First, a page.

"Why now?" General Fontaine asked. "We've had the alien…the Sontaran in custody for almost six months. We've subjected it to every interrogation technique we've ever thought of, thrown Teeps at him and gotten nothing to show for it. I've had the Joint Chiefs breathing down my necks, and now for no reason it feels like talking. Again, why?"
"Sir," Dr. Walsh leaned forward. "The alien's life-signs have been fluctuating for weeks. We assumed it was because of the Lieutenant Commander's…aggressive questioning, but perhaps the uh…Sontaran is suffering from some unknown ailment. That might explain the sudden shift in its actions."
"Or it's simply been stalling, waiting for a prearranged moment to strike."
"With respect, sir," said Endawi. "It's been six months and Earth Alliance hasn't been over run by potato men."
"Lieutenant Stenx claims that his people are engaged in a war on the far side of the galaxy. Too far away and too busy to bother with us."
"He could be lying. For all we know the Sontarans are right outside the gates."
"All of this is purely guesswork," Major Vassanji interrupted. "The fact is that Dr. Morden and myself have made no real progress in understanding the alien's technology. The crashed ship is a goldmine that could put the Alliance so far ahead of the other races, but we haven't even scratched the surface. The Sontaran's help would be invaluable…"
"It would also give him access to his ship, which might be the whole point…"
"Enough!" General Fontaine pounded the table. "The ultimate decision lies with the President and the Joint Chiefs, but we're the closest thing they have to Sontaran experts. Lieutenant Commander, your team spent the most time with this Lieutenant Stenx. What do you think?"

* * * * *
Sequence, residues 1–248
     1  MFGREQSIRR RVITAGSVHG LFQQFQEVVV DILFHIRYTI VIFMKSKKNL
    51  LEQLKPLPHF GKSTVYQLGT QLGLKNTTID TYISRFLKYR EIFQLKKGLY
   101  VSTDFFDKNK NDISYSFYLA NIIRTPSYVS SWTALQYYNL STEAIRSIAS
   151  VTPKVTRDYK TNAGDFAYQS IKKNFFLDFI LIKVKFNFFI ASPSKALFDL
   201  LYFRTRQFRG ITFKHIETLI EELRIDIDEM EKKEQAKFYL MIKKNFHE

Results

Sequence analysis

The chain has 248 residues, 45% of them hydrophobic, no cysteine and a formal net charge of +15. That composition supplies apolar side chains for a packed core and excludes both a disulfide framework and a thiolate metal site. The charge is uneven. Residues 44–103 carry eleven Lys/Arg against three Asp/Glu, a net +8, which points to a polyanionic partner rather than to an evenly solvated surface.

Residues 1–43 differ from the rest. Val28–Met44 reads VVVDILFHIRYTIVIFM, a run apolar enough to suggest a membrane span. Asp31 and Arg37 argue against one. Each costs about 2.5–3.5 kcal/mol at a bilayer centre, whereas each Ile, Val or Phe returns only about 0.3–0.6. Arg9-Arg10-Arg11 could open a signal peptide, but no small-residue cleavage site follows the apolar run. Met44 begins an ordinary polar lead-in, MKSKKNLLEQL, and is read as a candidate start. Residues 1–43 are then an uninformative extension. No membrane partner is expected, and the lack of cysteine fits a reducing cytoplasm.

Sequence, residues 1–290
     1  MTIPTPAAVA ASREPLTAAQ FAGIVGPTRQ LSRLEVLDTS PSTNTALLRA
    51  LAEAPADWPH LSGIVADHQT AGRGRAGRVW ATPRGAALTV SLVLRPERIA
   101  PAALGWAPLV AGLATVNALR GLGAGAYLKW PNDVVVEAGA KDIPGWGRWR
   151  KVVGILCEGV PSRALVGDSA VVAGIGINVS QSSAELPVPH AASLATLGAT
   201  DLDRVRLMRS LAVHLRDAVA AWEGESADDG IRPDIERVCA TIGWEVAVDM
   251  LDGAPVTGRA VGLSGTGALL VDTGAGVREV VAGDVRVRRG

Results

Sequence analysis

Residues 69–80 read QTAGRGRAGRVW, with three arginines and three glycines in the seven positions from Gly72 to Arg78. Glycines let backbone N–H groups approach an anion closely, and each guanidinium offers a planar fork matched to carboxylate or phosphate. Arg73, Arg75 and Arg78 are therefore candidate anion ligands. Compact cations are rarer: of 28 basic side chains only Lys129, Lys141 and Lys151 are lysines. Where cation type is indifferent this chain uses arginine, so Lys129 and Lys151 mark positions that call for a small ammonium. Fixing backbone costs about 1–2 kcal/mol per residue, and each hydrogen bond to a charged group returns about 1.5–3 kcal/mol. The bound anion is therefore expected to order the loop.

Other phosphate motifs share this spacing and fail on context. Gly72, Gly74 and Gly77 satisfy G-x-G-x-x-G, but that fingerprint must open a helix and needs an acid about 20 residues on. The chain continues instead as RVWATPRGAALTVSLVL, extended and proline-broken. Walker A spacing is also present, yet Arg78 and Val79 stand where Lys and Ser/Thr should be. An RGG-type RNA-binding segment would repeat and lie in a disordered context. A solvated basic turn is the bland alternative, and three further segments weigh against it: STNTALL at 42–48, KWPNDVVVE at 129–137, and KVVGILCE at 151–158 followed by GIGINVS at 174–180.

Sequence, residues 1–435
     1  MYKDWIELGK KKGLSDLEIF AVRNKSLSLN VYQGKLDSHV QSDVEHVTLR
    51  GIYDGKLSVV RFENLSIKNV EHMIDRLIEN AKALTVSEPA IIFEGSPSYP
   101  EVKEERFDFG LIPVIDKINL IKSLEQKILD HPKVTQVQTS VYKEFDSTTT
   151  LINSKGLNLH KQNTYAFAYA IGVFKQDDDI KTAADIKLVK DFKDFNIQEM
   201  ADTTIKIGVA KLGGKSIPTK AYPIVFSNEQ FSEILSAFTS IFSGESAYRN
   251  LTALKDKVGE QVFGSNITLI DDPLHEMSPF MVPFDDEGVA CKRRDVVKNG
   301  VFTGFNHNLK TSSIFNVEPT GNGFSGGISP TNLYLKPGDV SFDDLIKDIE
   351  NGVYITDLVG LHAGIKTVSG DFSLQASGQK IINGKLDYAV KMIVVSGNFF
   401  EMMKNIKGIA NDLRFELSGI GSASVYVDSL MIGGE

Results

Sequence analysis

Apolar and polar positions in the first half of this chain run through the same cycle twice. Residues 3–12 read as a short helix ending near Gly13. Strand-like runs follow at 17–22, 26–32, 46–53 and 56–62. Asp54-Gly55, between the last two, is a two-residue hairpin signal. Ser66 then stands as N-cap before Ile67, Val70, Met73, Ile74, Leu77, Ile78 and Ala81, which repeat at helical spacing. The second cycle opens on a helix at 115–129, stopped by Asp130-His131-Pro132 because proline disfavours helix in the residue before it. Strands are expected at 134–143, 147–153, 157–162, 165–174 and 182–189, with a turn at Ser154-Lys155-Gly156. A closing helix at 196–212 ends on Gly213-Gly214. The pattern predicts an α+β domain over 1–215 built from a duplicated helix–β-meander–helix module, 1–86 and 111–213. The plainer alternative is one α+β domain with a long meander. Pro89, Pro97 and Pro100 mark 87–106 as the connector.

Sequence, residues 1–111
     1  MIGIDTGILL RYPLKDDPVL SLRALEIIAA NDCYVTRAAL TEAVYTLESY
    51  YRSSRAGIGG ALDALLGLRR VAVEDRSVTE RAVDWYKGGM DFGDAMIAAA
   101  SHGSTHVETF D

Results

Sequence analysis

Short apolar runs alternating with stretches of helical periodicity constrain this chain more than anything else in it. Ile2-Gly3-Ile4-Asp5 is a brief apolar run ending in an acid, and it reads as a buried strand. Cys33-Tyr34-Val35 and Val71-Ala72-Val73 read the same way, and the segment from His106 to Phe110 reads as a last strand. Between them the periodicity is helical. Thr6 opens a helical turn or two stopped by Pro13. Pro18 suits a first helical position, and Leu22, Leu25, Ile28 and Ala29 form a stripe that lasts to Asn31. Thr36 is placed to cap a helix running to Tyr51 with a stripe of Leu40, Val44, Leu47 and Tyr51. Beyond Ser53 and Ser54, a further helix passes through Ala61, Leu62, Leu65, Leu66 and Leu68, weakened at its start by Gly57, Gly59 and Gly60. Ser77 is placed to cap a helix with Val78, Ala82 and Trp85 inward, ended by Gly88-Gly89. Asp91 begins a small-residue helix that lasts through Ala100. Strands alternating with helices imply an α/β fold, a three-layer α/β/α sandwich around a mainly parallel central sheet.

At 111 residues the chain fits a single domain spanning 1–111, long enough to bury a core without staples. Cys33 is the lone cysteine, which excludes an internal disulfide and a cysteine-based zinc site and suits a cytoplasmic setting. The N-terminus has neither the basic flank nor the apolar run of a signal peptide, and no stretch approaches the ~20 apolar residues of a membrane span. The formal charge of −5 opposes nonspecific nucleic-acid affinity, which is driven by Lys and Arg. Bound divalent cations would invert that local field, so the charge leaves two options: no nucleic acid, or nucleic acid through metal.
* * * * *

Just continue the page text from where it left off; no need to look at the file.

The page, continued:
Pierce took a moment to compose his thoughts. "I believe the offer is genuine, as far as it goes. Lieutenant Stenx will fulfill his end so long as it suites his purposes, but he has an agenda of his own."
"I concur," said Endawi.
"And you Mr. Bester?" General Fontaine sighed. Telepaths made his skin crawl at the best of times. "Mr. Bester!" he called sharply when the Psi Cop failed to respond. The telepath shook himself and focused on the General.
"Oh I agree, " Bester said with a disquieting smile. "He's using us and we're using him. That doesn't mean it can't be…beneficial all round."
Bester gave an internal sigh of relief. That had been close. He'd allowed himself to become distracted. It would not happen again. Only two hours ago, he'd felt the alien's mental walls drop, which for a P-12 was the equivalent of shouting, and even as the alien had made his offer to Pierce, Bester had heard another mental voice.
"I have seen you and your kind treated with contempt and distaste," the Sontaran had spoken in his mind. "Telepaths are clearly the superior part of the species. Perhaps your Psi Corps and I could reach a mutually beneficial arrangement…"
Yes, Bester agreed, as he listened to the mundanes debating all around him, perhaps they could.